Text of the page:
Above: 3D-printed medical devices on an additive manufacturing machine build platform: spinal ALIFs, tibial trays, and acetabular cups. Image courtesy nTopology and Tangible Solutions
Of course, less-complex devices that can be produced in quantity via more traditional manufacturing methods still demand flawless design as well. Today an existing product can be improved with a minor change that can be validated with simulation without the need for new clinical trials. Digital engineering can also provide an essential toolkit for analyses such as multiphysics flow simulation studies that identify the optimum syringe-needle design to reduce injection pain, or the analysis of the effects of stress and temperature on the function of an electromagnetic heart pacemaker.
Above: Three-dimensional model of needle penetrating skin simulates the body’s reaction at the entry point of an injection of fluid via syringe. Image courtesy Thornton Tomasetti Applied Sciences.
Benefits to Patients and Manufacturers Alike
There are many benefits that can accrue to a medical device manufacturer that makes the move into digital design tools.
When product design goes well, it’s the best of all worlds, and patients and manufacturers benefit. But if a device fails, even in the pre-clinical stage, the manufacturer is already falling behind. Errors aren’t identified until the last minute, without much insight as to what went wrong in early development. Identifying how something fails is critical toward solving the problem so that it doesn’t fail in the future. Proving out an innovative design idea early in development, away from any patient, is advantageous on many levels.
An additional benefit is the ease with which digital data can be captured and stored. When you work in a digital environment, your knowledge accumulates throughout product development, and it can be shared from one study to another, from one experiment to another, much more efficiently.
Interestingly, these advantages accrue to large and small medical device companies equally; we’re already seeing instances where smaller, agile startups are becoming capable of competing with the big guys in certain specialties. The advent of affordable, high-performance computing resources now allows the user at any size company to efficiently run the very latest digital tools on a single desktop—or collaboratively with a team on the cloud. Such methodologies make human-centric design more affordable for device manufacturers and patients alike.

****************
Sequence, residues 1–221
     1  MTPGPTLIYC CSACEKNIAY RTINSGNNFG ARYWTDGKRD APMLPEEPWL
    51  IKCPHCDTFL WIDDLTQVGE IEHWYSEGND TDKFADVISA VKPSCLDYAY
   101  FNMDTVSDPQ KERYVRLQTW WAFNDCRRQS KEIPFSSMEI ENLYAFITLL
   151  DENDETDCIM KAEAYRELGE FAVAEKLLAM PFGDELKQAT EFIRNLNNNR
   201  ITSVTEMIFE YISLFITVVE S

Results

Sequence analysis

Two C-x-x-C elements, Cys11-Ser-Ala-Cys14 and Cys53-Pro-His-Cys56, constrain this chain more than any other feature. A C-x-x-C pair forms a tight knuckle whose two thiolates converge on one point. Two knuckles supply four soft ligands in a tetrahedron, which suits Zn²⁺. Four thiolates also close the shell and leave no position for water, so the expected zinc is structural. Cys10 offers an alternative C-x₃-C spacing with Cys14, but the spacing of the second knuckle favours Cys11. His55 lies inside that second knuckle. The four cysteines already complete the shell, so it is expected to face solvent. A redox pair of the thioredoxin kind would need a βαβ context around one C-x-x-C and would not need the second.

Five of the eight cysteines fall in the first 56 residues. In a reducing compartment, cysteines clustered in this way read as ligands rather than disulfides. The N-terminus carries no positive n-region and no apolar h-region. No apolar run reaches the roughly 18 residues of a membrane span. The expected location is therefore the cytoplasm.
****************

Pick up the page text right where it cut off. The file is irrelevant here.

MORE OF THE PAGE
Communication with Physicians
It’s important to keep in mind that the final proof-of-worth of widespread computer-simulation technology in the medical device industry is physician acceptance of the value of these digital tools. Challenges remain here: There is inertia in the system of scientific advancement that favors sticking with historical, experimental testing protocols. Resistance to a perceived shift to an “all-digital” world remains.
But the idea that it’s an all-or-nothing, digital-versus-experimental choice is a false dichotomy. The digital design-and-development cycle still needs to be fed with clinical data—and physician insight. Doctor and patient experience must both be integrated into the complete digital vision. Communicating this truth to medical professionals is greatly enhanced when medical-device salespeople have the visual tools, provided by “realistic simulation” software, that demonstrate device function to highly tactile people like surgeons.
Physicians who’ve then been convinced to “cross the chasm” to explore and embrace digital tools are finding new resources that bolster their diagnostic and treatment powers. One highly experienced surgeon, after viewing a Living Heart computer simulation, was heard to say that it made him look at his own decades-old operating-table techniques with fresh eyes. He was better able to teach his medical students the fine points of cardiac structures and disease when they were looking at an animated, 3D model of a beating heart. Software modeling also helps the physician explain to the patient which course of treatment will best treat their ills.
Resources for Device Manufacturers
Medical-device companies may need support with this kind of critical physician communication—as well as their own challenges with bridging the gap between older, less efficient design-and-manufacturing resources and the newer, more powerful ones. Here’s where experienced, software-agnostic consulting companies, which provide access to every digital-tool brand available, can bring to bear the full range of expertise needed to achieve a smooth transition to the digital product-development universe. Remote or on-site training can teach device makers how to best employ those visually compelling 3D onscreen displays of their device designs in action to spur acceptance and build sales.
The major engineering software vendors have created platforms that promise to deliver complete packages, many of which are excellent, but may still have a significant learning curve. And some device makers already have their own favorite tools and want to retain their independence and flexibility or to turn to specific, open-source solutions. This is where independent engineering consultancies can help tailor the optimum, integrated mix of available digital tools fine-tuned to a company’s specific needs. While there is much value in the leading platforms, and all software has grown increasingly user-friendly, it still helps to have specialists on board who can help imagine—and then realize—the applications that will optimize medical-device development for each company, from design, simulation, and data management, to regulatory submission.